Coronavirus vaccines are supposed to be free, but that hasn’t stopped two major Tucson medical providers from sending out requests for money.
Some of the thousands vaccinated at Banner Health sites in Tucson were wrongly billed, while thousands more who received shots at Tucson Medical Center were solicited for donations after TMC shared their contact information with the hospital’s fundraising branch, the Arizona Daily Star has learned.
Tucsonan Robin Tricoles said she recently reported Banner to a government hotline after receiving a $71 bill for COVID vaccine “administration fee” — a fee specifically prohibited by a federal agreement all health-care providers must sign when they register to distribute the vaccines.
Tricoles, 60, a science writer for Arizona State University, said the bill arrived two months after her final vaccination at Banner-University Medical Center South on East Ajo Way.
“I started to pay it, then I thought ‘Hey wait a minute, isn’t it supposed to be free?’” she recalled. “I wonder how many people ended up paying because they didn’t know any better.”
About 163,000 vaccinations have been dispensed at Banner’s two hospitals in Tucson. An official declined to say how many people were billed in error or how many paid the bills, but said anyone who paid can ask for their money back by calling the phone number on their invoice.
The errors may have happened when staff or volunteers entered incorrect information into a billing database during the vaccination drive, Banner spokeswoman Rebecca Ruiz McGill said.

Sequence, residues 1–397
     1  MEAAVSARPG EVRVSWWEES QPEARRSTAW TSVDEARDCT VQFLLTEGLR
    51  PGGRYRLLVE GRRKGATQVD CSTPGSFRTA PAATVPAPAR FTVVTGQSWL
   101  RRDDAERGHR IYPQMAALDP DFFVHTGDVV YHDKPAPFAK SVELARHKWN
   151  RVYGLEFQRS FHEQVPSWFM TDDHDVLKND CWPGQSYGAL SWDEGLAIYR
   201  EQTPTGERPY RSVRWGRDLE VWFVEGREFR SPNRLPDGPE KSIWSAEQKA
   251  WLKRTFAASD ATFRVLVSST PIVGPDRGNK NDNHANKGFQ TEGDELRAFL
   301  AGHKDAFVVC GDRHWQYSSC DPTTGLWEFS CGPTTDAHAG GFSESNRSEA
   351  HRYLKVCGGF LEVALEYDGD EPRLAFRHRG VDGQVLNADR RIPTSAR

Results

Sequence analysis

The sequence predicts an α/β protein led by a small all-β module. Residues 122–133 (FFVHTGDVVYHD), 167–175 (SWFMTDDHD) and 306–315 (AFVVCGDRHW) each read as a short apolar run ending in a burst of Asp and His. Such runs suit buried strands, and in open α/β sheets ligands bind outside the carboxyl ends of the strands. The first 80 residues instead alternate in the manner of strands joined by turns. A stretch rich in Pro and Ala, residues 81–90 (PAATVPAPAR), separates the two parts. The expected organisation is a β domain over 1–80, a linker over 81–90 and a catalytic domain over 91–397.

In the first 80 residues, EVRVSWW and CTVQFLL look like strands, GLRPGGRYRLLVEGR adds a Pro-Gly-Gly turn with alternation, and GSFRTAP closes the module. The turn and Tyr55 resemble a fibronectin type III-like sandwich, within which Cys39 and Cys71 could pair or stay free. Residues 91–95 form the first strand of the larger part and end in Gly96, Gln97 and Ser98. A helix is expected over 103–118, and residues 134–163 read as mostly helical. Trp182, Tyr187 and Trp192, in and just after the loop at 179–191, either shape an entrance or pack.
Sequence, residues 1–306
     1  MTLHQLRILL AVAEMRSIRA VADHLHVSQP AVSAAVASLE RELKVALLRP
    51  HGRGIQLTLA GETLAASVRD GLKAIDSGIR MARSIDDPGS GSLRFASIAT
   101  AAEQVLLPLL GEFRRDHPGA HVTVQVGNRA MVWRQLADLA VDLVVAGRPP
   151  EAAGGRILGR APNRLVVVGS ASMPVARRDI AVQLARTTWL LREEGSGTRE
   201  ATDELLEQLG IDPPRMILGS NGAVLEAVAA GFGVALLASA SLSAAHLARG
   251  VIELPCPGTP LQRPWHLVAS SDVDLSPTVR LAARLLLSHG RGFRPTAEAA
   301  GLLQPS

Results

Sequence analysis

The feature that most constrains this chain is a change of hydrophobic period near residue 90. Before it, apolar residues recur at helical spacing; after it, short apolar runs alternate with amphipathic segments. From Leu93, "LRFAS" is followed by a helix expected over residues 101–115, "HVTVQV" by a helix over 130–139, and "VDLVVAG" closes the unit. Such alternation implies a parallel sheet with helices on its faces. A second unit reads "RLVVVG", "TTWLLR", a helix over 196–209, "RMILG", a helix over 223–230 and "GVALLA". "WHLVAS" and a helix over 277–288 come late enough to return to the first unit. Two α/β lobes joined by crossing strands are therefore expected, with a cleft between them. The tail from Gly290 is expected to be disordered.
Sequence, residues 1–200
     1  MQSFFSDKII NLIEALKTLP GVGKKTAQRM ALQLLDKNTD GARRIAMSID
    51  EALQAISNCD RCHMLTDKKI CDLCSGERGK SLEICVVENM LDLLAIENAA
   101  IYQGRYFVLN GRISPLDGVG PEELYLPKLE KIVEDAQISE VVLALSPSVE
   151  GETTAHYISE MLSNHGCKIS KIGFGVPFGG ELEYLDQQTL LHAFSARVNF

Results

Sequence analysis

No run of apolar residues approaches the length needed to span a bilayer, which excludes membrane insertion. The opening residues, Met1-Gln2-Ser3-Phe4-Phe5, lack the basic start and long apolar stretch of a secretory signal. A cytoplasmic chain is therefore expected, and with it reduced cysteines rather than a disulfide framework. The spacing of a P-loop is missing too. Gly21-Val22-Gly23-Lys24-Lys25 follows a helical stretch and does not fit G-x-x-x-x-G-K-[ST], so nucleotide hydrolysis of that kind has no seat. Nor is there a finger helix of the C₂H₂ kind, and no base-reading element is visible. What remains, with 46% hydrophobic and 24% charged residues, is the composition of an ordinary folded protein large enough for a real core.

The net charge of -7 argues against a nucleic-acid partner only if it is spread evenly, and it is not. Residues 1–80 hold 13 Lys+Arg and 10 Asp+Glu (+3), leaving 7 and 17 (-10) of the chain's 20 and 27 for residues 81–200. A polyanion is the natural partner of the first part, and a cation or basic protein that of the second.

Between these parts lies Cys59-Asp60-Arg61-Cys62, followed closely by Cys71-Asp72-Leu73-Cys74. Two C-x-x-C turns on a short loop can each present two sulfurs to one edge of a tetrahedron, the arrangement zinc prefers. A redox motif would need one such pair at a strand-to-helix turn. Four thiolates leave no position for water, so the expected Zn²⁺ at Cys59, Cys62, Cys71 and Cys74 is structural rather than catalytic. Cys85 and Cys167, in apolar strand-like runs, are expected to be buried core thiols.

“A bill may have been sent in error to a patient if all the necessary fields and boxes were not completed correctly in the electronic system,” she said. “Banner implemented checks and balances to ensure patients were not billed; however, there still may be human error.”
Tucsonans aren’t the only ones being wrongly billed.
Nationally, the problem is so widespread the federal government recently sent a reminder notice to vaccine providers that anyone wrongly charged a fee must be given a refund by law.
Anyone who paid for a COVID shot but did not get a refund is asked to contact the U.S. Department of Health and Human Services inspector general’s office by calling 1-800-HHS-TIPS or filing an online report at tips.hhs.gov
Meanwhile, some Tucsonans vaccinated at TMC sites were dismayed to learn their registration information was passed along without their knowledge to the TMC Foundation, which raises money for the hospital. About half of TMC’s nearly 70,000 vaccine recipients later received fundraising pleas, officials said.
Sara O’Neil, 77, a retired librarian, said she assumed when she registered for the vaccine that TMC wouldn’t use her name and address for any other purpose. But a few weeks ago, a letter arrived asking her to “please make a gift to Tucson Medical Center today.”
O’Neil said many of the people she saw being vaccinated were frail elderly. She worries they might be confused by TMC’s request for cash and mistakenly think they owe the hospital money. “A lot of these people are very vulnerable,” she said.
Jeffrey Lamie, TMC Foundation’s chief development officer, said the organization often receives financial support from grateful patients and uses that money to help the hospital carry out its mission.
Vaccine recipients who were added to TMC’s donor solicitation list without their knowledge can have their names removed upon request, officials said. Requests can be submitted by email to email@example.com
Contact reporter Carol Ann Alaimo at 573-4138 or firstname.lastname@example.org. On Twitter: @AZStarConsumer